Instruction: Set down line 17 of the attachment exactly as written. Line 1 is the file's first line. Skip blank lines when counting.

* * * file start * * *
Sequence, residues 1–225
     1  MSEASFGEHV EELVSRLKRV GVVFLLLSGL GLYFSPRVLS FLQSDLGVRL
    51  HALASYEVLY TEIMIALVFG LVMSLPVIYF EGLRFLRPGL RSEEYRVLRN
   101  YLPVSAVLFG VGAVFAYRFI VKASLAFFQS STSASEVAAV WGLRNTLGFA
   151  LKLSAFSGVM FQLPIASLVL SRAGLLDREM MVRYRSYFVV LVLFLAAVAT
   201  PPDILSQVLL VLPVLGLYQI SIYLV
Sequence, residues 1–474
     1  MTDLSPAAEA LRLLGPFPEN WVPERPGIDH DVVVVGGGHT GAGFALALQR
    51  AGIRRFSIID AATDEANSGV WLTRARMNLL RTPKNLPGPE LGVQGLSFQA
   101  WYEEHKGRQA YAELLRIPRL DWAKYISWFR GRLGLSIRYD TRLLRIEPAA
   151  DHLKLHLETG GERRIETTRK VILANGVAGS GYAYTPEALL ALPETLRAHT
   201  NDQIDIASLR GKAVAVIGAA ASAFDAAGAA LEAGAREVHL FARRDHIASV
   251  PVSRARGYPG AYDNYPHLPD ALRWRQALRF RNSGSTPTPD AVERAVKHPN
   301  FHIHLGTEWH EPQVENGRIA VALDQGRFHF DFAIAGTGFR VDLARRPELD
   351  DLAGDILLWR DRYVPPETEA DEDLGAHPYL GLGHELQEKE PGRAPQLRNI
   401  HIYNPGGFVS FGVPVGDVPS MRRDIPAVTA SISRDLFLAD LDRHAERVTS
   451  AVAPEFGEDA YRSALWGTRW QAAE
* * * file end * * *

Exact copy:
   451  AVAPEFGEDA YRSALWGTRW QAAE